There are always moments in time you wish you could go back and change. It’s such a universal constant of the human condition and it makes for really good stories. This is a handy, because that’s exactly the theme for this week’s review of comic titles. Huh … who would have ever thought that universal regret would be so useful?
Let’s get to the list.
Action Comics #992
A wonderful cover by my Toronto neighbour, Frances Manapul.
In this story by Dan Jurgens, Rob Williams and Will Conrad, Superman deals with the aftermath of The Oz Effect as he reconciles his father to the man he thought he was. It’s a real moment when you doubt your parents, but Superman’s reflections reveal a darker issue: namely that someone has been manipulating reality with the fabric of time to keep a secret from Superman.
I particularly liked the moment between Bruce and Clark relating to each other as friends rather than peers. Too often we forget that the relationship between the “World’s Finest” is about friendship over collegiality. It’s good to see this dynamic reinforced. Too often, it gets overlooked, forgotten and devalued, particularly in the wake of the Batman Vs. Superman era.
These are moments to enjoy and while I’m running the risk of being schmaltzy, they shouldn’t be overlooked.
Astro City #49
This is a sad one. There are always lost moments that are felt and exacerbated by a loved one’s absence. I like Kurt Busiek’s work and this issue is another great example of the humanity we can all aspire to.
The Super Hero genre is one in which we read about people changing for deep, emotional beliefs. They saw loved ones killed, great injustices in the world or other reasons for become heroes and change the world. In this story, we see both the change and the consequences of that change.
Kurt Busiek’s Astro City is marked by this type of emotionality. It brings the Super Hero down to Earth. The comic becomes a morality tale in which the hero known as the Resistor is the human compilation of the urge to resist the oppressive forces of injustice wherever they may turn up.
I actually like this hero concept because it works on the principle of the general will embodying itself as a force to challenge what’s wrong. it literally is: power to the people. But it’s tinged with the notion that this type of power costs something more valuable than money, power or any other common material good: relationships.
There’s lesson in this story and Kurt Busiek delivers it with thought and feeling.
Doomsday Clock #1
Nothing reinforces lost time than a clock with a deadline.
I know people say that there are some things that should never have a sequel, but I can’t help but enjoying this. This is more than a sequel too; it’s an integration into the full DC universe and to be fir, why not? Fans are allowed to appreciate beauty but at the same time, they don’t own the property. This book is subject to the whims of the copyright owners and if they want to keep The Watchmen in isolation, then read the main book and leave it at that.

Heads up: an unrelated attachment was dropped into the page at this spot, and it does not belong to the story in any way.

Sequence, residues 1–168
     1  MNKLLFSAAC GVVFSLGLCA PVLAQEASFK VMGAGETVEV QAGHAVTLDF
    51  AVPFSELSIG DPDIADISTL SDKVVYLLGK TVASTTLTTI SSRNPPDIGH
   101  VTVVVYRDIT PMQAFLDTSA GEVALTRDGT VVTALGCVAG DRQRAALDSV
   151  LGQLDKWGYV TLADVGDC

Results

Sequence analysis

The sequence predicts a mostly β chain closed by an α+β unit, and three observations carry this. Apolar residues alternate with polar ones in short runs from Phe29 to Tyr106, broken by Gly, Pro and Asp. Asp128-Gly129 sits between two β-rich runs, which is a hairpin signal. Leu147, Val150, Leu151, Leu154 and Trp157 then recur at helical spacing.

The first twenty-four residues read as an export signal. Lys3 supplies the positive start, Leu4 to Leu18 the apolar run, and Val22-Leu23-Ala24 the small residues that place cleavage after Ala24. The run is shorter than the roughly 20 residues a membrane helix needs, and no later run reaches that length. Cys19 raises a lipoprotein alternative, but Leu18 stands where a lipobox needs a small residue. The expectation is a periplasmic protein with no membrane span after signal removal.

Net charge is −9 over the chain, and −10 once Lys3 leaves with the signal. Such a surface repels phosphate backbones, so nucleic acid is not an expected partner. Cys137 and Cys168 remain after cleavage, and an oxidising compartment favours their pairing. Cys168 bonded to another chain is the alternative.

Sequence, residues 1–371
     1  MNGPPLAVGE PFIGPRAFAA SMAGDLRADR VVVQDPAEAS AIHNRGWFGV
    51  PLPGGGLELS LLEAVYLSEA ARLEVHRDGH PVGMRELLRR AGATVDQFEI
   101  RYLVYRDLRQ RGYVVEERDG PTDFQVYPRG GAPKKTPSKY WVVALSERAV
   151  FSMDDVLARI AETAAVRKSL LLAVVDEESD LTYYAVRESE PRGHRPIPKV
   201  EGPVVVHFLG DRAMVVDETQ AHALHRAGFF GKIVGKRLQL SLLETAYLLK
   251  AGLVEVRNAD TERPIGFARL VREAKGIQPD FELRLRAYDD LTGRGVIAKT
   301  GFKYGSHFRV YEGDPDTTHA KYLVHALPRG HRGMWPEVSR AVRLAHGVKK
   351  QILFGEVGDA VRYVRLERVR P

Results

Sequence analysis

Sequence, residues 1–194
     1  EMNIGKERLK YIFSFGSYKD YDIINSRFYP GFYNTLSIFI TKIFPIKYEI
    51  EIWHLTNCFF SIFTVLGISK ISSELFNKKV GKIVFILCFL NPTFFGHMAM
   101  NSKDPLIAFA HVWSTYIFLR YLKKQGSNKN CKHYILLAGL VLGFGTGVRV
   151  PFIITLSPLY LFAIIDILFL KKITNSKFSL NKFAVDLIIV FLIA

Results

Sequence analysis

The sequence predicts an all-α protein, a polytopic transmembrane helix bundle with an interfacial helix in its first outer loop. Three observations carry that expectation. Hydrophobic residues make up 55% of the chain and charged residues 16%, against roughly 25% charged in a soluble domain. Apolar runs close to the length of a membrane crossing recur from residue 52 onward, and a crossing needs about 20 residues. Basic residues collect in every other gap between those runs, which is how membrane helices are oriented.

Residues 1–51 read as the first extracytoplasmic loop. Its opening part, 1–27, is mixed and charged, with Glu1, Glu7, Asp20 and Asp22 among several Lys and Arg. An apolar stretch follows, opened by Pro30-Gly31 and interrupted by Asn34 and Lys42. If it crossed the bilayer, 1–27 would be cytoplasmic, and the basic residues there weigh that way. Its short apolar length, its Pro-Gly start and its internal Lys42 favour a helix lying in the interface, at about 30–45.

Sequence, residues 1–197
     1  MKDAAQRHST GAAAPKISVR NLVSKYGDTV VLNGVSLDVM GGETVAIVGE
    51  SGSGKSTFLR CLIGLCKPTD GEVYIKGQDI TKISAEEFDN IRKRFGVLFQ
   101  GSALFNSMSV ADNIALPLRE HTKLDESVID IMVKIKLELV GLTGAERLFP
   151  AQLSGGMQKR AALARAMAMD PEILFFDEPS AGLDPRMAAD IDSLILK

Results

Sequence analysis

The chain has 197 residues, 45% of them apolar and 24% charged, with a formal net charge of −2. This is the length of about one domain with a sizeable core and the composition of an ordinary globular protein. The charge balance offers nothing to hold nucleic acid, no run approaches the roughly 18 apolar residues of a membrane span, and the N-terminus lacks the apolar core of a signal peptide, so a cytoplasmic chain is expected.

But this is a thing to read. It poses so many questions: who is under the Rorschach mask? Who is the Marionette and the Mime? Where are Night Owl and Silk Spectre and will Ozymandias actually succeed in rebuilding his dream? Geoff Johns and Gary Frank have definitely outdone themselves on this series, if this first issue is a promise of the incredible storytelling to come. I want to be them.
The whole premise of this comic is built on recapturing those moments when mistakes were made and correct them. It’s actually quite an innovative tale and one that really does capture the spirt of the original Watchmen. I quite enjoyed this and am eagerly anticipating the remaining issues!
Talk about bad choices.
Donny Cates spins a yarn that could have come from the heart of any good ol’ boy in the Deep South. There’s a lot of wisdom, sorrow and lost days in the characters of this here old tale.
What if vampires were country hicks?
I mean, how would they explain their origins to the new vampires they’ve created? Which is the focus of this issue. In fact, the best line has to be: ‘when you were human, did you know all about being a human?’ There are sad memories that aren’t brought up in the discourse of a sire vampire explaining to a younger about why vampires should only be created in dire circumstances – and about failed sad moments when this happened inadvertently.